This is your dream, America. Or this is your nightmare. Whatever the case, buckle up. Because Michael Sam just got here.
His first few days with St. Louis Rams have been fascinating and thought-provoking and criticism-generating, and the odds are it's going to keep happening. Because in Michael Sam, the NFL doesn't just have its first openly gay player. Its first openly gay player is openly gay.
Not trying to play word games here, but Michael Sam hasn't played an NFL game or attended an NFL practice -- hell, he was drafted just three days ago -- and already he has shown himself to be something much more confrontational, more formidable, for lack of a better word, than Jason Collins. A few months ago Collins became the first openly gay athlete in major U.S. team sports. He's openly gay, but hasn't been openly gay, and his tenure with the Nets has been quiet. If he's kissed anyone, we've not seen it. If he feels like his career path has been slowed, we've not heard it.
We've seen Michael Sam. We've heard him.
We saw him kiss his boyfriend to celebrate being drafted by the Rams. Lots of America loved that. Lots of America recoiled. Had the draftee been AJ McCarron and the kissee been Katherine Webb, lots of America would have shrugged.
But this is different, obviously, and America reacted differently. Don Jones of the Miami Dolphins got himself suspended. Marshall Henderson, formerly of Ole Miss, got himself castigated. Elsewhere, lots of America celebrated. Lots recoiled. All this, because of something Michael Sam did after being a member of the St. Louis Rams for all of 75 seconds.
Gay rights advocates were thrilled the Rams drafted Sam in the seventh round, maybe moreso than Sam, because after he had a few minutes to think about it ... wait a minute, Michael Sam wanted to know. Why did it take so long to get drafted?
Sam never came out and said his sexuality caused him to drop to the end of the seventh round, but he did tick off some of his accomplishments at Missouri and used them to say he should have been drafted much, much earlier.
"From last season alone, I should've been in the first three rounds -- SEC Defensive player of the year, All-American," Sam said. "I should have gone in the top three rounds easily."
That came after the kiss.
And all of that came after Sam took to twitter to whittle down the Washington lobbyist who vowed in February to prepare legislation that would ban gays from playing in the NFL. The lobbyist, Jack Burkman, explained his stance like so:
"Imagine your son being forced to shower with a gay man," he said. "That's a horrifying prospect for every mom in the country. What in the world has this nation come to?"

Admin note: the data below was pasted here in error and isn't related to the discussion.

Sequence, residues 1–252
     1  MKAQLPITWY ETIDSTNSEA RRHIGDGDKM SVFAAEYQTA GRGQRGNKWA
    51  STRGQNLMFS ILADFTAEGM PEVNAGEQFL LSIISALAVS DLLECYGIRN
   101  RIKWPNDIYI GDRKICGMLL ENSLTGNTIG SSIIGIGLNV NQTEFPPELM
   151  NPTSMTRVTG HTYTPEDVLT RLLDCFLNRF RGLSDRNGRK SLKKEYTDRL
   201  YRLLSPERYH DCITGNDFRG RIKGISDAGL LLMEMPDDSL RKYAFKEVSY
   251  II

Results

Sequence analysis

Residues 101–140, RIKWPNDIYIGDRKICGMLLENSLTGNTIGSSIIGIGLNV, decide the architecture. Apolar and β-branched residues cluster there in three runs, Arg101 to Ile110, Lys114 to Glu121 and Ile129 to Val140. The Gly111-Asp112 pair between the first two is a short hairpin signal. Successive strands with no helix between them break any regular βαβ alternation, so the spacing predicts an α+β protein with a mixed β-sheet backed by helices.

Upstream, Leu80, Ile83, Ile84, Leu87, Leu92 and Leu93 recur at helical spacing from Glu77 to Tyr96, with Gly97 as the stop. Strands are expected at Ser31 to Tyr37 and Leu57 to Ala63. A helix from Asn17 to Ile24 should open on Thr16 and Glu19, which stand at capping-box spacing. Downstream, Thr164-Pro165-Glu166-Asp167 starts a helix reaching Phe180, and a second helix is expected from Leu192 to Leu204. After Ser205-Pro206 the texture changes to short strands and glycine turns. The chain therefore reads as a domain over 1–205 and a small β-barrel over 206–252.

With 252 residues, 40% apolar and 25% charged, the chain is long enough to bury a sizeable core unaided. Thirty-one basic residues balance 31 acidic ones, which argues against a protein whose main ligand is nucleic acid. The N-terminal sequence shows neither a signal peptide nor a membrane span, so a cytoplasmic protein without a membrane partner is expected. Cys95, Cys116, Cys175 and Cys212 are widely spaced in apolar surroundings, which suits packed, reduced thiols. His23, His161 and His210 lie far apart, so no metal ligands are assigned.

Sam responded to Burkman with a Back to the Future diss on Twitter.
Jack Burkman is going to need a Delorian, not some bogus bill, if he wants to prevent gay athletes from being in the locker room— Michael Sam (@MichaelSamNFL) February 25, 2014
Point being, Michael Sam is showing himself to be something different, something far more aggressive, for lack of a better word, than the pioneers who came before him. That includes Jason Collins, who has been an unassuming presence with the Brooklyn Nets, and as Brendon Ayanbadejo has said, that includes Jackie Robinson. They are pioneers of a different sort -- aren't all pioneers, by definition of being pioneers, different from anyone else? -- but 67 years before Sam became the first openly gay player to join an NFL team, Robinson crossed baseball's color barrier.
Robinson was proud and he was fierce, but he was asked by Brooklyn Dodgers owner Branch Rickey to turn the other cheek when opposing fans and even players made racist comments, as Rickey knew they would. And they did. And Robinson turned the other cheek. He silently endured the taunts.
Michael Sam isn't silently enduring anything. Already he has gone after a Washington lobbyist, provoked indirectly if not directly, and who knows what happens next? The game has changed, and not only because the NFL has drafted an openly gay player. The game has changed because of who that player is.
Already Sam has shown exactly who he is, and exactly whom he fears -- which seems to be: nobody -- in ways that Robinson in 1947 and even Collins in 2014 never did. Collins didn't state that he should have been signed long before the Nets added him to the roster in February, 53 games into the season. Robinson didn't respond to antagonistic Phillies manager Ben Chapman by taunting his backward bigotry.
Michael Sam is unlike anyone we've ever seen in American sports. You ready for him, America? Doesn't much matter, because he's here. Ready or not.